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Tiny Tubes

Detailed analysis of cell scaffold - cytoskeleton - protein organisation and interactions

24 January 2021

Tiny Tubes

Inside every cell of your body there’s a complex biological ‘scaffold’ made of tiny tubes, known as the cytoskeleton. These tubes are made up of billions of actin molecules, which come together in a similar way that Lego bricks click together to make large, stable structures. However, actin doesn’t act alone. Other molecules help the actin tubes to assemble, giving them different structural properties depending on the job they need to do inside the cell. One of these, called vinculin, plays a particularly important role in building strong yet flexible actin bundles at the sites where cells join together. Researchers have been growing actin tubes in the lab, altering the proportions of actin (top row) and vinculin (bottom row) in the mixture to see what happens to the resulting structures. Their findings help to explain how cells reorganise their internal scaffolding to stick to each other and build a body.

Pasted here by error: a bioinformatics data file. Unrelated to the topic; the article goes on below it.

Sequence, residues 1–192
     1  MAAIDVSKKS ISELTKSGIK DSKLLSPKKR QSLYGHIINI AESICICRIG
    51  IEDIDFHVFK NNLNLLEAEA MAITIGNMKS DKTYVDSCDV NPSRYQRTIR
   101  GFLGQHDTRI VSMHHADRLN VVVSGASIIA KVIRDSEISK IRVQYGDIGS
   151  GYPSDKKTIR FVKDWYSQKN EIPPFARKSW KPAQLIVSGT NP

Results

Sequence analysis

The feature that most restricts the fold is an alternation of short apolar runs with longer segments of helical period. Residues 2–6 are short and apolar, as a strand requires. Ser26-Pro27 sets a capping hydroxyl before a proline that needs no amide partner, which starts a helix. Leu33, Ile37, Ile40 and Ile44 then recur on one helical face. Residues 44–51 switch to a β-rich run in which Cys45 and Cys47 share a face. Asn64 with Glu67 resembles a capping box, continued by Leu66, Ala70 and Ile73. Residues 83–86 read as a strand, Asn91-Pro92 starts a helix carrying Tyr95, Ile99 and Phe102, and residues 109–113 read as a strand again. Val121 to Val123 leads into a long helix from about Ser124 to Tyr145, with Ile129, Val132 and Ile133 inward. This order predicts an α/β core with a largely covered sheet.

Written by Kat Arney

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BPoD stands for Biomedical Picture of the Day. Managed by the MRC Laboratory of Medical Sciences until Jul 2023, it is now run independently by a dedicated team of scientists and writers. The website aims to engage everyone, young and old, in the wonders of biology, and its influence on medicine. The ever-growing archive of more than 4000 research images documents over a decade of progress. Explore the collection and see what you discover. Images are kindly provided for inclusion on this website through the generosity of scientists across the globe.

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